In arbitrary dimension and degree we have some general results.

János Kollár proved in this paper that

Theorem (Kollár): Let $X_d\subset \mathbb P^{n+1}$ be a very general hypersurface over $\mathbb C$ of degree $d\geq \frac 23(n + 3)$. Assume in addition that $n$ and $d$ are both even. Then $X_d$ is not (birationally) ruled.

Remark Obviously then $X_d$ is not rational.

On the other hand, Morin proved in

Morin, Ugo Sull'unirazionalità dell'ipersuperficie algebrica di qualunque ordine e dimensione sufficientemente alta. (Italian) Atti Secondo Congresso Un. Mat. Ital., Bologna, 1940, pp. 298–302 Edizioni Cremonense, Rome, 1942.

that a general hypersurface is unirational if its dimension is sufficiently large with respect to the degree. (There is an explicit formula for this). Since then there has been generalizations of this by Harris-Mazur-Pandharipande and Xi Chen.

It is also interesting to compare these to rational connectivity. Every Fano manifold is rationally connected, so Kollár's theorem implies that there are plenty of examples of rationally connected but not rational varieties.

The most interesting open problem in the area is that everyone expects that there are many rationally connected but not unirational varieties, but nobody knows an example.

Finally, let me finish with the

Group Law

This is indeed remarkably unique. As Scott pointed out we need to restrict to smooth cubic plane curves, but that is what you meant.

I'd like to remark that this is indeed about the number $3$ being special.

Consider curves of degree $d$ in $\mathbb P^2$. These are parametrized by a projective space $\mathbb P^N$ where $N= {d+2\choose 2}-1= \frac 12 d(d+3)$. Containing a fixed point of $\mathbb P^2$ imposes a linear condition on this space, so specifying $N$ points in general position determines a unique degree $d$ curve.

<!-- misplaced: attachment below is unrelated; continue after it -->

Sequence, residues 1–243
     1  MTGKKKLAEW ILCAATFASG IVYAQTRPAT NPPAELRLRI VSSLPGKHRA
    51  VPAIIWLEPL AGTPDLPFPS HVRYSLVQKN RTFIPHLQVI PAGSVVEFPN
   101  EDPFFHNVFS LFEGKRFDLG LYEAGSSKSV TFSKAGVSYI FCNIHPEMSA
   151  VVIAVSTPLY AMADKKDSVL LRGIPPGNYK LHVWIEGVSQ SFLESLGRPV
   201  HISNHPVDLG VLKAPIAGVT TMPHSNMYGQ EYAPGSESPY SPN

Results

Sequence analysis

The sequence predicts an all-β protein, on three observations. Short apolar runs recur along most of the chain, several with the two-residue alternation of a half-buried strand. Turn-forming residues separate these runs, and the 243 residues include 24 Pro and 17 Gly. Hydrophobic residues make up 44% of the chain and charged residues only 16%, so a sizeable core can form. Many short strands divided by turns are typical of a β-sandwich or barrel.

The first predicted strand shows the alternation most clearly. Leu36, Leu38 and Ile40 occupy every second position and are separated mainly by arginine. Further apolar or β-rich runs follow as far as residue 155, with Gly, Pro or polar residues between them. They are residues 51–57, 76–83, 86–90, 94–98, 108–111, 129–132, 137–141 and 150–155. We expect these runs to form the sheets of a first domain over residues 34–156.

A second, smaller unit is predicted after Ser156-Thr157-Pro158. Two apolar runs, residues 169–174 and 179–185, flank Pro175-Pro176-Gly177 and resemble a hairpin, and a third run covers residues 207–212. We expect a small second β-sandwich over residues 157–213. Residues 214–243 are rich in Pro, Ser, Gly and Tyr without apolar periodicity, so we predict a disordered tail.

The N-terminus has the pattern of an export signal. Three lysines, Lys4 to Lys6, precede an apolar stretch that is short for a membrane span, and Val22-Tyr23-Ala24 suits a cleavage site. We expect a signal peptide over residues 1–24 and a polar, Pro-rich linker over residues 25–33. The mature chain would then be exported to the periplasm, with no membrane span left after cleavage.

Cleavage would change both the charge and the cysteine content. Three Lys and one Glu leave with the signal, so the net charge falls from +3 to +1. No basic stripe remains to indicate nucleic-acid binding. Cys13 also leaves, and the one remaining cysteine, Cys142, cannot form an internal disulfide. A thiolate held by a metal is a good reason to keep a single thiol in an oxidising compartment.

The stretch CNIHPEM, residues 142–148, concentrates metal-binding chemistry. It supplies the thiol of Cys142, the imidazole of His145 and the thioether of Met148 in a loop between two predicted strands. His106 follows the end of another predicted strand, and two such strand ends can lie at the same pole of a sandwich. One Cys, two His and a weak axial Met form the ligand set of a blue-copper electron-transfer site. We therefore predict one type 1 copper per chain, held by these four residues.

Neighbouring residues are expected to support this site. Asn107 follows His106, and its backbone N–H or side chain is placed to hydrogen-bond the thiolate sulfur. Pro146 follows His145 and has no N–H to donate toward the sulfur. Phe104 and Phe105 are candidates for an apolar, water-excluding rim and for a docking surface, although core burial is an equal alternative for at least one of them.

Generally two curves of degree $d$ will intersect in $d^2$ points. It turns out that $N=d^2$ for $d=3$ and this is why the group law defined by drawing lines is associative. Of course, there are more places where $3$ is needed, but those are sort of obvious reasons that one needs to even define the group law and this is a little bit more hidden.

Anyway, I should quit, but I want to say that my goal was not to take apart your question just to show that most of the nice properties you listed actually appear in more places.

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The philosophical reasons why degree three equations share unique properties could be so wide-ranging as to make the question essentially self-fulfilling: if you look for an answer you will find it. For instance, it might be because we perceive space three-dimensionally or because 3 is the first odd prime - in my mind both these explanations are irrelevant but they go to show that if you're looking for heuristics on very wide-ranging phenomena, then pretty much anything you say makes sense.

If I were you, I would instead ask the following: To what extent are the pathological properties of degree-three algebraic equations more numerous and pervasive than those of algebraic equations in other degrees because of reasons other than the fact that degree 3 is the first 'interesting' case of several curves and surfaces on which generalizations will be based? That is to say: is the difficulty of proving 3-dimensional Poincare an indication that there is something pathological about the 3-sphere or that 3 dimensional beings are the only ones who would find the Poincare conjecture interesting and pursue a proof?

My (underdeveloped) philosophical intuitions veer towards the latter...

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thanks for answering, your suggestion is what I had in mind when I said; am I missing equally important examples in some other degrees?. –  Csar Lozano Huerta Apr 3 '11 at 21:06